I bought this mug recently for use at work. Being a professional web developer, I decided it would establish me as the office's king of irony. The joke on it isn't unique, of course. I've seen it everywhere from t-shirts to conference presentations.
Last month Chris Coyier wrote a post investigating the question, "When Does a Project Need React?" In other words, when do the benefits of using React (acting as a stand-in for data-driven web frameworks in general), rather than server-side templates and jQuery, outweigh the added complexity of setting up the requisite tooling, build process, dependencies, etc.? A week later, Sacha Greif wrote a counterpoint post arguing why you should always use such a framework for every type of web project. His points included future-proofing, simplified workflow from project to project (a single architecture; no need to keep up with multiple types of project structures), and improved user experience because of client-side re-rendering, even when the content doesn't change very often.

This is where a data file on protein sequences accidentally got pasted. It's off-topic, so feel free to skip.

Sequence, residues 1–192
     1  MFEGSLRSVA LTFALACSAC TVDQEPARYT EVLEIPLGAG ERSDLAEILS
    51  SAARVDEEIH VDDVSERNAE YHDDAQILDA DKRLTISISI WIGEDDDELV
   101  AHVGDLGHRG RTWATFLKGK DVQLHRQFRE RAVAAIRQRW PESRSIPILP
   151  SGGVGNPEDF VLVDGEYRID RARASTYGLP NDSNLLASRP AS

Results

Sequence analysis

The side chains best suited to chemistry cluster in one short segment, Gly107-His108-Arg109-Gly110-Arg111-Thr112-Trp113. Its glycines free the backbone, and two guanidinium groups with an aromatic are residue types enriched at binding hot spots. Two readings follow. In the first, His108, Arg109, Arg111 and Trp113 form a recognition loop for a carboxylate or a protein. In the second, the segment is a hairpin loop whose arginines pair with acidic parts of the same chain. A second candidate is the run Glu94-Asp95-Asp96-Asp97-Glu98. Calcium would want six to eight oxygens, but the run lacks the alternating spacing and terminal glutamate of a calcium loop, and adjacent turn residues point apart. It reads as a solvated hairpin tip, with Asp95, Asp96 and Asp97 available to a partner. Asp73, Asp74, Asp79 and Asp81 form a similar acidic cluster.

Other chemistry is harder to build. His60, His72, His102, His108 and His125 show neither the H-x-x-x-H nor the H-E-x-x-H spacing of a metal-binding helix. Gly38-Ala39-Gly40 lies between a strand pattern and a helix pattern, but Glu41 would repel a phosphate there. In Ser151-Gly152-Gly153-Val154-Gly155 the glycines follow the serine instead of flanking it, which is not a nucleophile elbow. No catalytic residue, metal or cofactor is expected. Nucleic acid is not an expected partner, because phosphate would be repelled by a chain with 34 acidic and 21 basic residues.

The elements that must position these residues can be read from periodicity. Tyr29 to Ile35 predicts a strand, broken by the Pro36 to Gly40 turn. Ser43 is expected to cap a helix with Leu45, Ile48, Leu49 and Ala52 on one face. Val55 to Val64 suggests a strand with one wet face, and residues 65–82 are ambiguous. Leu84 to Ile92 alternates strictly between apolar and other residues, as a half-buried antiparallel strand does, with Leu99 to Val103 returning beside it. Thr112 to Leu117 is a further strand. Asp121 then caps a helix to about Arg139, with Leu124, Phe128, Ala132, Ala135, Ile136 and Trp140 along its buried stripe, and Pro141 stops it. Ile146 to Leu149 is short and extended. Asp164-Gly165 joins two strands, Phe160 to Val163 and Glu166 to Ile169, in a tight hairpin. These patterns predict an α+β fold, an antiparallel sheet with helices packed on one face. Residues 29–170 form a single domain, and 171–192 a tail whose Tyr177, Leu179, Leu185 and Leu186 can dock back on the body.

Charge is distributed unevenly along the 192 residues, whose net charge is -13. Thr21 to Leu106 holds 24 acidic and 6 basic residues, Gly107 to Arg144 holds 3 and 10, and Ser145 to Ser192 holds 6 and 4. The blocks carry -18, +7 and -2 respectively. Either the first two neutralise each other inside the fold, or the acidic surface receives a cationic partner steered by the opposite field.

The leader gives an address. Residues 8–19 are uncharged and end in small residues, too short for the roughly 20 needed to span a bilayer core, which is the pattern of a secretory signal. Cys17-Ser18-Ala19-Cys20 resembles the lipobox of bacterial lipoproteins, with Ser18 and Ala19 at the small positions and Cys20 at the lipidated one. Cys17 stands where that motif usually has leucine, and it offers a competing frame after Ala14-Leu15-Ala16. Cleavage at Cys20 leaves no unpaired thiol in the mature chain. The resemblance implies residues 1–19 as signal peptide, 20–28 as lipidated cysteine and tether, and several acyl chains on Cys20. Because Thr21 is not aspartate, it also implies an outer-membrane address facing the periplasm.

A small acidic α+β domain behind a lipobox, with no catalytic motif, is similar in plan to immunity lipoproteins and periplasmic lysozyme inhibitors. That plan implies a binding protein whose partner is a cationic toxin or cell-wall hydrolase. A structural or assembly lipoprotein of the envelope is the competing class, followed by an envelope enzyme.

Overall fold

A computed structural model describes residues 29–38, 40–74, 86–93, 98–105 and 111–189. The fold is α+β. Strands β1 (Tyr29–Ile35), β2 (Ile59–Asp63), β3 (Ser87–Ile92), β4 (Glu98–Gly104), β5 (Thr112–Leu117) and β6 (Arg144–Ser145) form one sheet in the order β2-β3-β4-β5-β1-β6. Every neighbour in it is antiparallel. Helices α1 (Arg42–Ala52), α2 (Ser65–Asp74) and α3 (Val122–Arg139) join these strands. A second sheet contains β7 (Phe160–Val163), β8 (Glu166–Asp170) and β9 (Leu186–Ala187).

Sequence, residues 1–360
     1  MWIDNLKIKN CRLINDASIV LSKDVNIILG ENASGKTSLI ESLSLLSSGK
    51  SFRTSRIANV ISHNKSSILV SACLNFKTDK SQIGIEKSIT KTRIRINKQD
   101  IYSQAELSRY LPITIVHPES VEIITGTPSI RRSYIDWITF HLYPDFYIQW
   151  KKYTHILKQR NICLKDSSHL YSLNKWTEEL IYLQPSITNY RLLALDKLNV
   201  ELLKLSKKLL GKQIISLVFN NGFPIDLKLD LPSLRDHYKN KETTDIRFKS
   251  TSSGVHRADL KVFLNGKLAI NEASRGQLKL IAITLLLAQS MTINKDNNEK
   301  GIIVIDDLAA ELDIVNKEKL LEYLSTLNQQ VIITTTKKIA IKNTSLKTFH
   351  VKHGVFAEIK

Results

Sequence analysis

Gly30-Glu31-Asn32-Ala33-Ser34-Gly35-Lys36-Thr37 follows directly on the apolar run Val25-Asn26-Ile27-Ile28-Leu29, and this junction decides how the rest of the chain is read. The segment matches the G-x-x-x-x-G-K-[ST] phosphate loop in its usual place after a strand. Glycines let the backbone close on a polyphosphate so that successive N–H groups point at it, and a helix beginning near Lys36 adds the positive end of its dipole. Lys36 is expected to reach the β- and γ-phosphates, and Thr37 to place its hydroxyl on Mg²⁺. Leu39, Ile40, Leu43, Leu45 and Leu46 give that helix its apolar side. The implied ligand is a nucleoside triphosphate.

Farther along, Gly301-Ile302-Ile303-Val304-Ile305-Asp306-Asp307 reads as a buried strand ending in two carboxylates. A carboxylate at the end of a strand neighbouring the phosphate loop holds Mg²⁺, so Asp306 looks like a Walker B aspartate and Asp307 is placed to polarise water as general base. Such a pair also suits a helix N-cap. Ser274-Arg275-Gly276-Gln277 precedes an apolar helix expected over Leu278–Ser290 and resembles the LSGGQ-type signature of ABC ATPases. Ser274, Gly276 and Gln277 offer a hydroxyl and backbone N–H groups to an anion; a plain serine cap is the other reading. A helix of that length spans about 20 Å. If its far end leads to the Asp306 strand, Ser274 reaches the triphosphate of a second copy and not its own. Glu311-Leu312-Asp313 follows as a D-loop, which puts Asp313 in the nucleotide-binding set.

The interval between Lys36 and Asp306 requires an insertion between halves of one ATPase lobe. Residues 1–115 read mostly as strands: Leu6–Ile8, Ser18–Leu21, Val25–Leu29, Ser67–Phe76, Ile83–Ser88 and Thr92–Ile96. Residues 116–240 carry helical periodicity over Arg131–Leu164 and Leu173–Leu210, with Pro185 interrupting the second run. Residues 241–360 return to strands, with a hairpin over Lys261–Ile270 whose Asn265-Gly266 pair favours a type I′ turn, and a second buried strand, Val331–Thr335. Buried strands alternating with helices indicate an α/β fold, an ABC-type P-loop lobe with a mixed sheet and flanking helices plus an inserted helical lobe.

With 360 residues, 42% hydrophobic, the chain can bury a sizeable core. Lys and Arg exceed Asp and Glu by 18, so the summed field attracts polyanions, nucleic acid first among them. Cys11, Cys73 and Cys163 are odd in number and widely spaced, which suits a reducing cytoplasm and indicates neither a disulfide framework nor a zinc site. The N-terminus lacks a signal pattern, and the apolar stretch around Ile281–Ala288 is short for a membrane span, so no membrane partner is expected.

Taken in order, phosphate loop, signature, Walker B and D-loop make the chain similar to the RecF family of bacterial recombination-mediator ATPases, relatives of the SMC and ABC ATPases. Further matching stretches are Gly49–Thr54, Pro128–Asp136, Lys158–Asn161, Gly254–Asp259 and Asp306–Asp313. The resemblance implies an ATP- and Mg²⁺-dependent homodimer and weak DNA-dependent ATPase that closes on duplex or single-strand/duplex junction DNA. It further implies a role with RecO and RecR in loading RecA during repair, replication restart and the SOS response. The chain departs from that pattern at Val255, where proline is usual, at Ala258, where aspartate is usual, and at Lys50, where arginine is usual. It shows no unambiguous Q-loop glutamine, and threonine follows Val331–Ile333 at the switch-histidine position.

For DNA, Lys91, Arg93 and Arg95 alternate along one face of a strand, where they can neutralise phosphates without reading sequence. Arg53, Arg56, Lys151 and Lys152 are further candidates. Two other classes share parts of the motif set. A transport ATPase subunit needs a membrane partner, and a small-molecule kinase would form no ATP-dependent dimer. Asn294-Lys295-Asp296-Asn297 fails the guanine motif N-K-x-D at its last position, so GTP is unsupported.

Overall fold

We've all been there. You've got an element you want to be able to collapse and expand smoothly using CSS transitions, but its expanded size needs to be content-dependent. You've set
transition: height 0.2s ease-out. You've created a
collapsed CSS class that applies
height: 0. You try it out, and... the height doesn't transition. It snaps between the two sizes as if
transition had never been set. After some fiddling, you figure out that this problem only happens when the height starts out or ends up as
auto. Percentages, pixel values, any absolute units work as expected. But all of those require hard coding a specific height beforehand, rather than allowing it to naturally result from the size of the element content.